Just recently I received a survey from my alma matter asking me to rate the department for my major. My major is not always a popular one, and one that had more boys than girls in it(which was a big deal at my school). I was a history major. The usual reaction I get from people is how much they hated that subject in school. (Gee thanks.)
The reason why I’m writing this is because of one question in particular on the survey. They asked me if I find my major useful now that I’m part of the workforce. My initial reaction was no. I do teach English as a second language after all, so my knee jerk reaction was that my major was of no use to me at all. I read this question out aloud and was about to click “no” when I thought again. Completing four years as a history major was not an easy task and even if I’m not specifically teaching history does not mean that my degree is of no use to me.
First of all, I can read for information. I can also read just about any dry article you can throw at me and get something out of it. It is a skill born out of necessity and one that can be really useful when sitting in professional development and being shoved a folder thick with articles that will somehow change my world. This skill has also taught me how to skim an article. Something that can also be helpful during those extremely enlightening professional development meetings. I see people sitting around me reading the whole article and just wonder why. It had never occurred to me before that majoring in history taught me how to really read for relevant information and to do it quickly. I must confess, procrastination may have also helped with my speed.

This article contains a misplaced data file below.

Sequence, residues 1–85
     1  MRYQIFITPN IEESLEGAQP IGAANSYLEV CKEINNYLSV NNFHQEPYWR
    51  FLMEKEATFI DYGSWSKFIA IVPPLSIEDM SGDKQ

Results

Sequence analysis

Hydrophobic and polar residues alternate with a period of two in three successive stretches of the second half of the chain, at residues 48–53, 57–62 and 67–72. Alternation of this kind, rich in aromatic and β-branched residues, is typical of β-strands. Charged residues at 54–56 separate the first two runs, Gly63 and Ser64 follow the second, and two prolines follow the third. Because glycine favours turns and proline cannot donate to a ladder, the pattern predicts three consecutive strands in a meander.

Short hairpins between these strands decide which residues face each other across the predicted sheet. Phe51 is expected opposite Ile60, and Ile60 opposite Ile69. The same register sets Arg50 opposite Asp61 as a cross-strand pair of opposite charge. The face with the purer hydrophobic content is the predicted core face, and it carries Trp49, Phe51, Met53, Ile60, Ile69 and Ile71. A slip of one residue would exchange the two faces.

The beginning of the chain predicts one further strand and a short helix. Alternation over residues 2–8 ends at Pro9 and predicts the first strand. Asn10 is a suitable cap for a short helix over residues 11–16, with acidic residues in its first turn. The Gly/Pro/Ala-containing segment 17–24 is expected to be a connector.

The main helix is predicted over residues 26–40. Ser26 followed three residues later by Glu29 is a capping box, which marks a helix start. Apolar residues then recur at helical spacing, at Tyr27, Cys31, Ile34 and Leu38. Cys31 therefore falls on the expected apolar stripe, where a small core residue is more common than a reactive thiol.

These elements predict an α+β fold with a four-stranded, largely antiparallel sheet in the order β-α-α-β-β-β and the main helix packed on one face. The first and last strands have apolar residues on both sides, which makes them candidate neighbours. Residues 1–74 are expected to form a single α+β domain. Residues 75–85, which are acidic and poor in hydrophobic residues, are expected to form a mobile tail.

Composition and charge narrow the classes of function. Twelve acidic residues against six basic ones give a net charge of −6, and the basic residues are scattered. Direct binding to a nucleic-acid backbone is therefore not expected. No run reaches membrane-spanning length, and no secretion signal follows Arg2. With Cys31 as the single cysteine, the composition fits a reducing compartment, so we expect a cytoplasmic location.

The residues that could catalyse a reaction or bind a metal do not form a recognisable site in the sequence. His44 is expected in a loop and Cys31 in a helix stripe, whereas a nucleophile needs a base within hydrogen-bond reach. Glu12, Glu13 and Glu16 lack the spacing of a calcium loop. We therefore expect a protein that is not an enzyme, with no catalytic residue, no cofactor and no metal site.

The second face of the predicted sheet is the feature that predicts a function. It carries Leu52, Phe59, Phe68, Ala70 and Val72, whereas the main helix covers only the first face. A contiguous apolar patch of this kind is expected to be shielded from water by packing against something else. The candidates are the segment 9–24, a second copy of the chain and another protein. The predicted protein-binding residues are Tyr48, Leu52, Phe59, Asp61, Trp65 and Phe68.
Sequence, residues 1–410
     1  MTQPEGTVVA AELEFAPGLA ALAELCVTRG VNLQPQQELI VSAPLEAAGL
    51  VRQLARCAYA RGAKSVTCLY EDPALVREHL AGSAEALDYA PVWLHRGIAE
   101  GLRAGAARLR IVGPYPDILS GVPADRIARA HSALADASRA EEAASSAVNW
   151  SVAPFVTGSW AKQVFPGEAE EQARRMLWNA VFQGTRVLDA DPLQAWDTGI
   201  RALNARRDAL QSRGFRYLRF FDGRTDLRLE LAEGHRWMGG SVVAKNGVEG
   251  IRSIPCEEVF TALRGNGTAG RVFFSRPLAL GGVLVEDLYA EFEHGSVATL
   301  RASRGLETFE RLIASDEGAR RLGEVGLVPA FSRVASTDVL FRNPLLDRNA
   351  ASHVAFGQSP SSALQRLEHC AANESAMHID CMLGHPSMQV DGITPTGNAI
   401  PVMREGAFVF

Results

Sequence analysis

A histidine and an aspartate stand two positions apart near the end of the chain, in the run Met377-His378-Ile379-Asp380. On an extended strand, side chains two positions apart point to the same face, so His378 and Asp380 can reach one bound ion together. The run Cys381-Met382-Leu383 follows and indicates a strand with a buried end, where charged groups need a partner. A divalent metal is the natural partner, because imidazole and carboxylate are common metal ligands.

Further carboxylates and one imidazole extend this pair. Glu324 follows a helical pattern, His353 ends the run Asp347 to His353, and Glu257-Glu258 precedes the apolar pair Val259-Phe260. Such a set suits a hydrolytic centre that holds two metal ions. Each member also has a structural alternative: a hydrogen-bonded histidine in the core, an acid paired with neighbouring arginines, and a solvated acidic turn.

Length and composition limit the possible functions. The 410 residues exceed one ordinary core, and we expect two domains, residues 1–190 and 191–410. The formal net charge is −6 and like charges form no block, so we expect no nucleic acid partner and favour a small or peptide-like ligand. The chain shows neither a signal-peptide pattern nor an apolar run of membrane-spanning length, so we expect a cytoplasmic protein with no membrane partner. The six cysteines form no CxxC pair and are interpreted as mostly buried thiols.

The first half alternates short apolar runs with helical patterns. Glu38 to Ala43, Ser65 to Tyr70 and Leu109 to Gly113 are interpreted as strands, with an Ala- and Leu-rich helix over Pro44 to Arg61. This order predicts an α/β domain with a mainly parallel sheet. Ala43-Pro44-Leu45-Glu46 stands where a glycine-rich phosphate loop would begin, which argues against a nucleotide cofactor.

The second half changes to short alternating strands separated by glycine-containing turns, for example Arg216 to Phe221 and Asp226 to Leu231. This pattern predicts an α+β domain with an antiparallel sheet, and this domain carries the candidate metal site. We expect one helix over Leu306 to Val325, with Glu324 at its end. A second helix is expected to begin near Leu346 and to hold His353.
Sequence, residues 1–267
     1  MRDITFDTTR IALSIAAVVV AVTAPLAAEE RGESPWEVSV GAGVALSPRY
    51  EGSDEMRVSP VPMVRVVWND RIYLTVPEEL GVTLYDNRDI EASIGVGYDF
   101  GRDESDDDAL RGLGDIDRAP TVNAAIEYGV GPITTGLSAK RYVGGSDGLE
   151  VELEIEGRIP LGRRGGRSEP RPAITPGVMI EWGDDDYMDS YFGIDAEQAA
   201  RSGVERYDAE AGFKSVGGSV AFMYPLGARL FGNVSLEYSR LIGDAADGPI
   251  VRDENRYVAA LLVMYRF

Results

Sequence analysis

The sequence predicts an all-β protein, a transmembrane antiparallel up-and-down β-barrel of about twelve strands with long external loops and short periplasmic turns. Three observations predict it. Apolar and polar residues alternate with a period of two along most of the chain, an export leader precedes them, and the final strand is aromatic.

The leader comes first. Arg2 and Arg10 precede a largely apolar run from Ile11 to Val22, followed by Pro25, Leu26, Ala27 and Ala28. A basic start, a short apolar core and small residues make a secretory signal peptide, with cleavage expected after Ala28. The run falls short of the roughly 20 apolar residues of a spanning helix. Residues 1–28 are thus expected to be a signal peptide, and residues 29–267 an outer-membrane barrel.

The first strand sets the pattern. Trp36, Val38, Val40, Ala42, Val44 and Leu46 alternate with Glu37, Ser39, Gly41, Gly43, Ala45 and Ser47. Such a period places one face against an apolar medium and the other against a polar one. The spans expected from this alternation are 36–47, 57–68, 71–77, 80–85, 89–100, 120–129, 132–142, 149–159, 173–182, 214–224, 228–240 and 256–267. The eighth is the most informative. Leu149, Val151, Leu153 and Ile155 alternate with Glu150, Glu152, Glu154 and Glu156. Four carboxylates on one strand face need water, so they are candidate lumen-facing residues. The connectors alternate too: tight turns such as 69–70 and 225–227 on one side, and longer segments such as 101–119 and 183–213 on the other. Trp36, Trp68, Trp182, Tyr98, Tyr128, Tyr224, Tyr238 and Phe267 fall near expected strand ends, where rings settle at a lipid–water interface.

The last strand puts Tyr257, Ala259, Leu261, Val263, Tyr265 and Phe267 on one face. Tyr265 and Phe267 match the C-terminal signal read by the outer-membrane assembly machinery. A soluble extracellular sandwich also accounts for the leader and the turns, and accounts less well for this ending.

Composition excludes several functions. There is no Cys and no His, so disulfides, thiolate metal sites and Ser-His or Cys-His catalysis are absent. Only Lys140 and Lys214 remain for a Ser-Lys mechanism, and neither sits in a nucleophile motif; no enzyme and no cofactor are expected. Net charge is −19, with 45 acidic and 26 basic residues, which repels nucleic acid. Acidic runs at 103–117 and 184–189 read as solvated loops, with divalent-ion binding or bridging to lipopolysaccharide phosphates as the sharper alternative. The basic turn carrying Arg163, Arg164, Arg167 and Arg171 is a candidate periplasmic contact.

I can also write in a variety of ways. Sometimes I had to write papers that were short and some were long. Some were dense and some I had to force to get to that last line. These writing skills not only help me write for this blog, but I can write grants for my students. I’ve done several Donors Choose projects, but I’ve also written Title III grants and various other grants to get my students the equipment and books they need to learn. Writing is a life skill and I am so grateful that my college promoted it in all majors and especially that my professors saw its value as well. Being a good writer helps me teach my students how to write. Teaching a subject or skill that one might struggle with before teaching, makes teaching it a chore. Writing is not a chore for me and a big part of that is because I was a history major.
Last but not least, I enjoy teaching history. I have created lessons that inspire my students because of it. I teach ESL, which means I have students that come to me with little knowledge of their adopted home country. Those lessons tend to be my best lessons because it is something that I enjoy and want my students to enjoy as well. I hope that none of my students ever answer that they hated social studies in school. I may not teach social studies at every lesson, but when I do, I like to think that is when my students have the most fun. (And one little side note; I can out-trivia a lot of people because of it. Which has it’s merits all on its own.)
I understand the push for science and math in schools today. Both are essential in life and can improve a country in many ways. However, I don’t see being a history or English major as a disadvantage. I was able to learn skills that help me in my life as a teacher and can transfer over to other jobs as well. Not every major has to lock someone into a career choice from the day they walk onto campus. The value of majoring in history cannot and should not be overlooked or be discouraged.